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SSB is a mode of operation. It is used on both marine radios as well as ham radios. In order to legally transmit on the marine bands, you must use a radio that is FCC certified for use on the marine bands. Ham radios are not certified for this as they do not meet the technical standards required for marine use. You can however, legally use a marine radio on the ham bands.

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Old 05-05-2009, 07:16   #6
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There are a number of technical and regulatory reasons why non FCC type accepted radio's are not allowed to be used on marine SSB frequencies. I would like to mention a practical reason that I have run into several times.

Marine SSB channels are spaced just 3kHz apart. 4.146 MHz, 4.149MHz USB (upper side band) as an example. Emissions from aradio encompasses more than the one single discreet frequency. SSB transmissions have a "Bandwidth" that can be 2.5 to 2.8kHz. SO....when you are transmitting on 4.146Mhz USB, parts of your transmission may actually be heard on 4.147, 4.148 and a few Hz higher, fading more and more as it goes up in frequency.

Among their other attributes, marine ssb transceivers are suppose to have very high frequency stability and very low side splatter. This keeps your transmission from splattering over to the adjacent marine SSB freq and interfering with other people.

Ham radio's do not have this requirement. Many new, high end radio's have very good specs and may not be a problem. Low end radio's and older radio's may have poor frequency stability and higher side splatter. Thus...it is very easy for your transmission to splatter all over other people trying to communicated on the next marine ssb freq.

There are a limited number of marine ssb simplex freqs, unlike amateur freqs, there is no wide spectrum to dial a freq on. Marine ssb simplex freqs are a limited number of specific freqs, just a handful for each band. If you are operating an amateur radio that is spattering widely, you could be killing MOST of the available freqs in a marine band.

Another exemplar: Even a new ICOM 718 amateur transceiver has a frequency stability of 200Hz (0.2Khz). So....it can quite easily shift up the 3kHz (2.8 bandwidth + 0.2 freq shift) to splatter on the next marine ssb freq in a band.

It is more than simply an annoyance when you have established a time and frequency to communicate with another station and find that the frequency you are on is being splattered all over by someone rag chewing on poor equipment.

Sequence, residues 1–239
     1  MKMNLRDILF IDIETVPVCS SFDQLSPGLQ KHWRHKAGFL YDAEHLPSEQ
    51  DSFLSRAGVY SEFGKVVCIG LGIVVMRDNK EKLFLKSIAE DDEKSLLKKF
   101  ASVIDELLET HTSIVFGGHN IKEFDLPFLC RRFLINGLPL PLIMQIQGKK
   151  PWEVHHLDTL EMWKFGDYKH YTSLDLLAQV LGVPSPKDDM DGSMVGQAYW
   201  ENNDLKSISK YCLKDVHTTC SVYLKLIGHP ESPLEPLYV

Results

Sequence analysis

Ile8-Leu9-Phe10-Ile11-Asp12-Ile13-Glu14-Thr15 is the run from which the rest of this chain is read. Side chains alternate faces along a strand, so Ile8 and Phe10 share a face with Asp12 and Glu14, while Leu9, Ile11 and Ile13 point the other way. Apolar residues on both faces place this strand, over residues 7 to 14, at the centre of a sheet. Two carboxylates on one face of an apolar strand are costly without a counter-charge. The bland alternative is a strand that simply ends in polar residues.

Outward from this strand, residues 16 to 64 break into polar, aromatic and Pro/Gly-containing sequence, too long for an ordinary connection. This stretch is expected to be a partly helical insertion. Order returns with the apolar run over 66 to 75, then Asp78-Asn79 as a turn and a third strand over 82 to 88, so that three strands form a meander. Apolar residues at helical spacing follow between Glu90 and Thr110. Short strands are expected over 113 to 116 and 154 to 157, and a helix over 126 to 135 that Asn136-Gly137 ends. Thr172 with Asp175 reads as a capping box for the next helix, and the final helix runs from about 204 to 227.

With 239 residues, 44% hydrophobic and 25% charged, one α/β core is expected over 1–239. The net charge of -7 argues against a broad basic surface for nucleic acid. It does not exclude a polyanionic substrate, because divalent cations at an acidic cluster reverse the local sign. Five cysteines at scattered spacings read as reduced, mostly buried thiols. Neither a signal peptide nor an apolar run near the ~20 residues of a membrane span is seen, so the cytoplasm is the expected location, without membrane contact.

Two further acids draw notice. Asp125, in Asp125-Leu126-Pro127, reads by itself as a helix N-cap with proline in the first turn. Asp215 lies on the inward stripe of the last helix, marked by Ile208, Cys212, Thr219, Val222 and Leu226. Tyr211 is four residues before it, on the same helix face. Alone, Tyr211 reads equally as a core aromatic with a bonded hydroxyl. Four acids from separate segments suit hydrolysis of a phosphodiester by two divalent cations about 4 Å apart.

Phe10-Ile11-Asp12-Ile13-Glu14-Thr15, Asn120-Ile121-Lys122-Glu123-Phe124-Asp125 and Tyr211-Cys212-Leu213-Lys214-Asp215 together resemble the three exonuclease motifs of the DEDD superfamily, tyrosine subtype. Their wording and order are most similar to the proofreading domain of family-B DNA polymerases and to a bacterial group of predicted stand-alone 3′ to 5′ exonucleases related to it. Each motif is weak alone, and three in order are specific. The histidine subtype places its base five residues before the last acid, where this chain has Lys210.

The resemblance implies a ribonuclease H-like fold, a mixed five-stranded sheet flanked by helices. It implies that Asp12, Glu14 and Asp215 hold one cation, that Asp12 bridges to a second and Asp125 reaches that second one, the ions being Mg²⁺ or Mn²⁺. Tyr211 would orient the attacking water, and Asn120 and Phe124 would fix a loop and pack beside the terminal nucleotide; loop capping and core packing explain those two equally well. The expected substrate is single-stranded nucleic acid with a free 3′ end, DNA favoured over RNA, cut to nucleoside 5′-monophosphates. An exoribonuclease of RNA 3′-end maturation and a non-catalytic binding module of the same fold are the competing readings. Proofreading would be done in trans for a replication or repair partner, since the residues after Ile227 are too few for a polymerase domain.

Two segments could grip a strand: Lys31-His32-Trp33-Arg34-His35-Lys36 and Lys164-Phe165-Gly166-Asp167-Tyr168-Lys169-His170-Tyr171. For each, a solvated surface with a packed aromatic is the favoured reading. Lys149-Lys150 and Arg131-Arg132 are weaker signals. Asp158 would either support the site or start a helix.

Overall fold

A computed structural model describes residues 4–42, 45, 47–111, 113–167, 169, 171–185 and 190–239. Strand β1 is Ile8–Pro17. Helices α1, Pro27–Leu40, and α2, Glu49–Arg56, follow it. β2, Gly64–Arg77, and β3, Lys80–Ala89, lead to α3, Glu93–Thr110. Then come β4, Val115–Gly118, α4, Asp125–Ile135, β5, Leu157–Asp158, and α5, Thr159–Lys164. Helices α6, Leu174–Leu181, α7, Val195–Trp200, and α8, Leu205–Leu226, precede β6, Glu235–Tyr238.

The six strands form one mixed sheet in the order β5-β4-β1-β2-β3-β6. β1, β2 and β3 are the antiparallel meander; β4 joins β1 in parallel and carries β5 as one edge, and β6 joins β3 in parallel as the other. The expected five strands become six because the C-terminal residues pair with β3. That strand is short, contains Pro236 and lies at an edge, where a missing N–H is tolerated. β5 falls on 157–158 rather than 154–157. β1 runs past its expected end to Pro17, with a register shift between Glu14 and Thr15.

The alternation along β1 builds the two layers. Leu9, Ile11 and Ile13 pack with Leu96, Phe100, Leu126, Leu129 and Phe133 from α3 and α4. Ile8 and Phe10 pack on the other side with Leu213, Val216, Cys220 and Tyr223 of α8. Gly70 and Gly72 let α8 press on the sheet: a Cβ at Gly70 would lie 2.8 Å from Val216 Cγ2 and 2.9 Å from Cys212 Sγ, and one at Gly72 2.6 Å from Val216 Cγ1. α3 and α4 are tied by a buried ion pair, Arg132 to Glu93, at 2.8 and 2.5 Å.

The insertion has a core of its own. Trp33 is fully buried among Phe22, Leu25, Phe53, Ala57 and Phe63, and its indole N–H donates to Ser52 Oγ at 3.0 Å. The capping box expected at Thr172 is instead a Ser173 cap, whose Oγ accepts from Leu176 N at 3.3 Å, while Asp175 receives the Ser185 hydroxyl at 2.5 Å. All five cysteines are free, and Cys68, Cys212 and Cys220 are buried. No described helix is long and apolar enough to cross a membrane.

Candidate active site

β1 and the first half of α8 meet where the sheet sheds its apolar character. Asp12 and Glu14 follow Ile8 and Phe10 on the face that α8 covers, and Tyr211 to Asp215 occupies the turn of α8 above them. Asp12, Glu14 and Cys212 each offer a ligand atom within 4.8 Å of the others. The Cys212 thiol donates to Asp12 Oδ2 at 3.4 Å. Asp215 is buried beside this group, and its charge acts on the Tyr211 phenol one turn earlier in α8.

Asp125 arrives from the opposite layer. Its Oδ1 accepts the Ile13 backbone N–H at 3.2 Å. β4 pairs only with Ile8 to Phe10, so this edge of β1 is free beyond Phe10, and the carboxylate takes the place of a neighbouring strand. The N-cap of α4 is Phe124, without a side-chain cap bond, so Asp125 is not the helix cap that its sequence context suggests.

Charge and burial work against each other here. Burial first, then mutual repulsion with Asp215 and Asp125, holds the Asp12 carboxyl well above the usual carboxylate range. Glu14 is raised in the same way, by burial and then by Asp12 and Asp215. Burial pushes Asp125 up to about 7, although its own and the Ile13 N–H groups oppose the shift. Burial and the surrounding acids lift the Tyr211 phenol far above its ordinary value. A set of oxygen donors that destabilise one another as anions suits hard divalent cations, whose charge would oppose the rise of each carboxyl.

It is a safety issue, a legal issue and a courtesy issue.

Just my 0.02, I hope this helps.

Respectfully,

John
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Old 05-05-2009, 07:22   #7
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Unbusted....there is a lot of really good info that explains much regarding marine and ham radio's and frequencies in Reed's Marine Almanac. You can also find the time and frequency of many good weather and radio nets to listen to on: docksideradio.com

ARRL.org has a number of good books on amateur radio and you can find a good basic marine ssb book at West Marine. Look for one by Capt Marti Jones.

Hope this helps

best

J
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Old 05-05-2009, 11:42   #8
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You may want to get your Ham license and join a Ham club. There are mentors that could answer your questions. An actual human on your boat showing you how, who knows his stuff would probably be the least frustrating way of getting your questions answered.

Getting a Ham license is relatively easy now.
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Old 05-05-2009, 11:56   #9
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Definately agree with getting a ham license. It is one of the best and most valuable tools you can take with you cruising.

You will also find that your local ham club has a great number of people who would be more than willing to spend long hours helping you learn the concepts, pass the test, helping you the with your radio, it's installation on the boat and it's use. You cannot imagine how incredibly helpful many folks in a local ham club are quite willing to be.

Best